“Bite-Size Bits of Local, National, and Global History”
“Bite-Size Bits of Local, National, and Global History”
New Berlin in Waukesha County, Wisconsin — The American Midwest (Great Lakes)

Cheney-Faulkner Cooper Home

Built 1840

Cheney-Faulkner Cooper Home Marker image. Click for full size.
By Paul F, August 13, 2010
1. Cheney-Faulkner Cooper Home Marker
Inscription. In this house the First Free Will Baptist Church in Wis. was organized on July 11, 1840. Here also, prior to 1843, was opened the first school in this area. Rev. Rufus Cheney directed the founding of both church and school. Both met here until 1945. Thomas Faulkner, his son-in-law, was elected county surveyor 1857. Milton Cooper was a noted orchardist.
Erected 1956 by Waukesha County Historical Society. (Marker Number 21-02.)
Location. 42° 56.341′ N, 88° 9.508′ W. Marker is in New Berlin, Wisconsin, in Waukesha County. Marker is on County Route Y half a mile north of Interstate 43, on the right when traveling north. Click for map. Marker is at or near this postal address: 5810 S. Racine Avenue, New Berlin WI 53146, United States of America.
Other nearby markers. At least 8 other markers are within 3 miles of this marker, measured as the crow flies. Childhood Home of Wisconsin Governor Julius P. Heil (1876-1949) (approx. 0.3 miles away); Freewill Baptist Church (approx. 0.4 miles away); Linnie Lac (approx. 0.7 miles away); Park Arthur (approx. 1.4 miles away); Janesville Plank Road Tollgate (approx. 2.5 miles away); Muskego Beach Amusement Park
Cheney-Faulkner Cooper Home Marker image. Click for full size.
By Paul F, August 13, 2010
2. Cheney-Faulkner Cooper Home Marker
Marker as seen from the road, partially obscured by overgrowth.
(approx. 2.5 miles away); "Do I Smell Pizza-Burgers?" (approx. 2.5 miles away); "Cornfalfa" Farms (approx. 2.6 miles away). Click for a list of all markers in New Berlin.
Regarding Cheney-Faulkner Cooper Home. Home is located well off the road and is a private residence.
Additional comments.
1. Additional History about the Cheney-Faulkner Cooper Home
This home in New Berlin, in an area once called Prospect Hill, was built in 1840 by Reverend Rufus Cheney who arrived from Antrium, N.H. in 1837.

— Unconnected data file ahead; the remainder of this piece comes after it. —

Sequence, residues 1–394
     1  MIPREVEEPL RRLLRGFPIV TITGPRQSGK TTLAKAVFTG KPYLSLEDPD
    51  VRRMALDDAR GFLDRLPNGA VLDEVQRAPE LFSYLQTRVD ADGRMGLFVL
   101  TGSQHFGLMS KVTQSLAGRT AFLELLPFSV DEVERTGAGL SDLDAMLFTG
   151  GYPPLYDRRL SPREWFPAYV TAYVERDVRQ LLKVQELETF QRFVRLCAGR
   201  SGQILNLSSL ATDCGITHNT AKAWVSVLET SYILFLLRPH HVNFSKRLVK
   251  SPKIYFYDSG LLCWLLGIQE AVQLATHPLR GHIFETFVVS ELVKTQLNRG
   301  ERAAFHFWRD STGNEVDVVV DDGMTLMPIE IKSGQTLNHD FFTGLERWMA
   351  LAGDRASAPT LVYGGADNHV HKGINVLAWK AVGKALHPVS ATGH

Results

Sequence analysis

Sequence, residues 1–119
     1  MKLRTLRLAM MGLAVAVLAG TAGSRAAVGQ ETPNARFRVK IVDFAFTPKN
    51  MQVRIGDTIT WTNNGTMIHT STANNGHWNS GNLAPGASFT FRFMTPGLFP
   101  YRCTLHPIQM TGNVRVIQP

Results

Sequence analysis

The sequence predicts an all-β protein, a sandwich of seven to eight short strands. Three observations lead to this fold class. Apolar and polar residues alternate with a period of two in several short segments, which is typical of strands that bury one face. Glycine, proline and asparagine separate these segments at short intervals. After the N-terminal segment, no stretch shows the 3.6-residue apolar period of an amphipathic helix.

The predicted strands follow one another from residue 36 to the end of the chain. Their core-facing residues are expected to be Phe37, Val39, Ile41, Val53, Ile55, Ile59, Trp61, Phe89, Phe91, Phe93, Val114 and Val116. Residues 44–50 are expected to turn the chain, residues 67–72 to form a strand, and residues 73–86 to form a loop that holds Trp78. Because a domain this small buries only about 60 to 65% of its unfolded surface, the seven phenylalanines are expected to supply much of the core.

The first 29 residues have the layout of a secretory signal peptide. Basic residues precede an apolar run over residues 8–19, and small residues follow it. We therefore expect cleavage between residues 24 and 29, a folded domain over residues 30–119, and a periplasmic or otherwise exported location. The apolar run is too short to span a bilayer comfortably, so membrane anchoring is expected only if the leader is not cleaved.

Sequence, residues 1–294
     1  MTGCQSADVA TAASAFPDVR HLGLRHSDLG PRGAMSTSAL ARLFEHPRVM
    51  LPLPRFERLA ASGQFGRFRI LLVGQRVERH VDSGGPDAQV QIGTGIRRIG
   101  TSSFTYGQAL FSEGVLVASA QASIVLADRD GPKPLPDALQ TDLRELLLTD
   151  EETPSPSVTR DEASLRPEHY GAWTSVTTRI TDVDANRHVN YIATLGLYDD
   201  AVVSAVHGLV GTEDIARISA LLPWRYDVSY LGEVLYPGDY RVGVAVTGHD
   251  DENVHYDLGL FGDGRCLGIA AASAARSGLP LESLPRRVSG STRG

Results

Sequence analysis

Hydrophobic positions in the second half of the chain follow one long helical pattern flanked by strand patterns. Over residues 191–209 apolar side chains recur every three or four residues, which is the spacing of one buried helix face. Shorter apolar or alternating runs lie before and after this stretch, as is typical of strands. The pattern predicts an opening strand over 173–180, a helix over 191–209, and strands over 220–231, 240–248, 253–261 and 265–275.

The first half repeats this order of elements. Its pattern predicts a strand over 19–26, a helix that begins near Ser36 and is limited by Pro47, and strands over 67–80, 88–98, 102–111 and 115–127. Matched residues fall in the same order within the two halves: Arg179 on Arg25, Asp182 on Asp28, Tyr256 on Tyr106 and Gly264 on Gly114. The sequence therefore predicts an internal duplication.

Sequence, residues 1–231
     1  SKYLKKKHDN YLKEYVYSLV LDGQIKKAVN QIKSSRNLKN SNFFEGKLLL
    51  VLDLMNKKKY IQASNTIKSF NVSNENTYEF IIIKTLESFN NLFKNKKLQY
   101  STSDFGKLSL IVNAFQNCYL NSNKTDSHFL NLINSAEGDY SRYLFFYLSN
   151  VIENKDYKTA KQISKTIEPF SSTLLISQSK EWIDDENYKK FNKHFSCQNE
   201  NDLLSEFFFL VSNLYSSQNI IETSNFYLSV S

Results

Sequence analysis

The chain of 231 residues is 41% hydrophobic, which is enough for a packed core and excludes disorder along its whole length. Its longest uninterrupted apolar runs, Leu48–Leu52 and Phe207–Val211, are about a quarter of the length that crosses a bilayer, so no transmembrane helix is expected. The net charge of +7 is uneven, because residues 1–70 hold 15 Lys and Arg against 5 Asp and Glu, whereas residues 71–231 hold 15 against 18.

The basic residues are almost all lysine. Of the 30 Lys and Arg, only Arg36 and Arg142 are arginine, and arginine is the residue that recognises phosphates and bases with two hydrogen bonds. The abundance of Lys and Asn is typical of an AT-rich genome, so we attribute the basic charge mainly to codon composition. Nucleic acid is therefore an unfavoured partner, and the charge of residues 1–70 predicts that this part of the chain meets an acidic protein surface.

Walnut trees on the property were sawed nearby in Linnie Lac at Wedges Sawmill and used for building.

The house was quite large for that time with a cellar, attic, two big rooms with fireplaces back to back, a small kitchen, a bake oven built into the chimney, and three bedrooms.

There was an Indian reservation across the road, so the Native Americans often came for trading or handouts. Since at this time there was no church for the reverend to serve, he set up the first Freewill Baptist Church in his parlor on July 11,1840. The school for Prospect Hill also began here.

When Cheney's wife died, he
Cheney-Faulkner Cooper Home as it looked in 1958 image. Click for full size.
By Linda Hansen, circa 1958
3. Cheney-Faulkner Cooper Home as it looked in 1958
Note the original, 1956 Historical Marker.
married Lydia Moore, mother-in-law of Thomas Faulkner.

Thomas Faulkner married Rufus Cheney's daughter, Nancy. A financial arrangement was made between Thomas and the Cheneys, to have both families live there until Cheney's' death. Then it would belong to the Faulkners.

Thomas was a farmer, surveyor, teacher, and cabinet maker.

During the years Thomas and his family lived here, he started an orchard on 39 acres and it grew to 450 trees by the time the property was sold.

In 119 years only two families lived in this house. Governor Julius Heil, who lived nearby, stopped by often.

In 1927 Milton and Neoda Cooper bought the farm from Rufus Faulkner and raised their six children. The house was damaged by fire in 1964.

In 1997 the house was declared a City of New Berlin Historical landmark. It was cited twice by the U.S. Department of Interiors Historic Sites Survey. You can still see this house standing on Racine Avenue just below Prospect Hill.
    — Submitted August 10, 2012, by Linda Hansen of Waukesha, Wisconsin.

Categories. Churches, Etc.Settlements & Settlers
Credits. This page originally submitted on , by Paul Fehrenbach of Germantown, Wisconsin. This page has been viewed 783 times since then and 25 times this year. Photos:   1, 2. submitted on , by Paul Fehrenbach of Germantown, Wisconsin.   3. submitted on , by Linda Hansen of Waukesha, Wisconsin. • Bill Pfingsten was the editor who published this page. This page was last revised on June 16, 2016.
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